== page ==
Monday, June 29, 2009

Interview: P.J. O'Rourke

Taking a spin: Driving like Crazy is travel writing in the classic tradition of Robert Byron. 
 
By PETER KADZIS
 
090629_pjorourke_mainAt first glance, Driving like Crazy (Atlantic Monthly Press) might appear to be a compendium of P.J. O'Rourke's entertaining, first-person automotive journalism. But crack the spine and dig inside and you'll see that the book transcends the genre. Driving is travel writing in the classic tradition of Robert Byron, Patrick Leigh Fermor, and Redmond O'Hanlon. What does a self-styled, classic Middle Western guy like O'Rourke ? who just happens to have mastered the deceptive intricacies of the American idiom (as did Mark Twain) ? have in common with three English toffs? There are two answers to that question: a thirst for the unusual, and the intelligence to make it comprehensible.
 
You're a funny guy, but publishing a book about cars as Detroit implodes seems, well, dark.
Black humor is my forte. [Chuckling.]
 
Does the state of Detroit tell us anything about the state of the union?
It tells us a fair amount about the state of society. The automobile world continues to exist as a business, but it's lost all its fun, its cultural resilience. For 100 years now, since the Model T ? and it's been darn near exactly 100 years ? the automobile was what brought the romance of the horse to every person. You know, "chevalier," the word for knight, simply means a guy on a horse. To be on horseback, to be the man on the white horse, to be on your high horse, was the prerogative of the aristocracy until the Model T came along and gave horsepower to us all. But now the darn thing has turned into an appliance. What started with pleasure has ended in necessity.
 
Which is smarter: Detroit or Washington?
Detroit is smarter than Washington. Everything's smarter than Washington. Bringing government in to run the car companies is like saying, "Dad burned dinner, let's get the dog to cook."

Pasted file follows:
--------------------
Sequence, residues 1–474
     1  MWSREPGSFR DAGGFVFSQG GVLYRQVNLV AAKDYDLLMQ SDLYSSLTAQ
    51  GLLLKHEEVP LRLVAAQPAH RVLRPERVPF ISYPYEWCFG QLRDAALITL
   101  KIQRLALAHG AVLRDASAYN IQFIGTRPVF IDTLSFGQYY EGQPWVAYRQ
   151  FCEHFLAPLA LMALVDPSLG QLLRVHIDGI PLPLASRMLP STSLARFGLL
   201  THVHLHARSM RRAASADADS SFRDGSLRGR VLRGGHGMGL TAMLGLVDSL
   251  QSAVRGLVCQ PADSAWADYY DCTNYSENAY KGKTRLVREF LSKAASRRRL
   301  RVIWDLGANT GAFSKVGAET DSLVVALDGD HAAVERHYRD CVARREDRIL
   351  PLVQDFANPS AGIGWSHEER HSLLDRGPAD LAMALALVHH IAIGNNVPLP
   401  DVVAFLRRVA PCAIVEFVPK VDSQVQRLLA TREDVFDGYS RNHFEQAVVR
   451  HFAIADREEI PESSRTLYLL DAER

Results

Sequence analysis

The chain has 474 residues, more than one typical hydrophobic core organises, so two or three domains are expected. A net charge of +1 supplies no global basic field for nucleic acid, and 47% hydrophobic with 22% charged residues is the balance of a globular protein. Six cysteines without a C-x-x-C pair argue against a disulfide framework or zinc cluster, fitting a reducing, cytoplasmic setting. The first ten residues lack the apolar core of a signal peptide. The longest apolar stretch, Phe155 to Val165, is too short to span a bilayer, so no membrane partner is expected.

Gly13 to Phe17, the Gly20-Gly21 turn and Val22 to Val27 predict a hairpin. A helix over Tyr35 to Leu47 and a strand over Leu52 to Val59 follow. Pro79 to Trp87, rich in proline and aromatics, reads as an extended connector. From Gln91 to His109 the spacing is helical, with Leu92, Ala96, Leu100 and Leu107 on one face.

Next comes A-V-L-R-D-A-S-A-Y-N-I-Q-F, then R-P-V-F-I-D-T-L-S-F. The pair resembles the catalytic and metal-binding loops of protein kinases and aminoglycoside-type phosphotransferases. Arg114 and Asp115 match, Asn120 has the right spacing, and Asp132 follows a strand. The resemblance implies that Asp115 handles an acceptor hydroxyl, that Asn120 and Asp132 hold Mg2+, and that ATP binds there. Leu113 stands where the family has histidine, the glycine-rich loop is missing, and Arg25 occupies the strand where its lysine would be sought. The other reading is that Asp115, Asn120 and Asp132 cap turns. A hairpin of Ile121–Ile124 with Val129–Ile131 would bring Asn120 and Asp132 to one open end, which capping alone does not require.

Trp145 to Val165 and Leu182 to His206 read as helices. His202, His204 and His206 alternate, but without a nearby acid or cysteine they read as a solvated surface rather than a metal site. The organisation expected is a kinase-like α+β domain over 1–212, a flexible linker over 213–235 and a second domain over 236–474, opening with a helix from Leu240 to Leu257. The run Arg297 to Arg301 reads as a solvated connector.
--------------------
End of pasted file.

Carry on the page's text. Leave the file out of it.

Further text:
What about the United Auto Workers?
I have a lot of trouble bashing the unions. I grew up deep in the Rust Belt, Toledo, Ohio, just five blocks from the Jeep plant. Every breath you took in Toledo was unionized. Even though my family was not a union family, the influence was pervasive. I'm not of it, but I'm from it.
 
Do autoworkers, compared with other workers, get paid too much?
Sure. But their paychecks don't always reflect the supposed realities. Every time a camel farts at an OPEC meeting, they get laid off. So, sure, they make $600 an hour. But they only work an hour a year. Even though I'm a Republican, I have trouble blaming the union guys. Because if you're a union leader, what are you going to do, go down to the UAW hall and stand on a chair and yell, "We're demanding less money from the bosses"? You can't do that. Pay scales, seniority, and various other problems did get out of hand, but it takes two. And you know the companies gave in to the union. The unions were perhaps over-demanding, but that's their jobs. The companies were over-compliant.
 
The government probably was no help here. The government put in a pay freeze at all the heavy-industry corporations in World War II. Which meant that the corporations, in order to attract the workers that we had to have to build our planes and tanks and Jeeps, had to provide benefit packages. That's where health care comes from. It didn't exist before World War II. So you wound up with these benefit packages. And then there are the demographic accidents to factor in. The guys that built the cars were all supposed to drop dead at 67, and their wives were supposed to live to be maybe 72. Now everyone lives to 110. [Laughter.] There's plenty of blame to go around.
 
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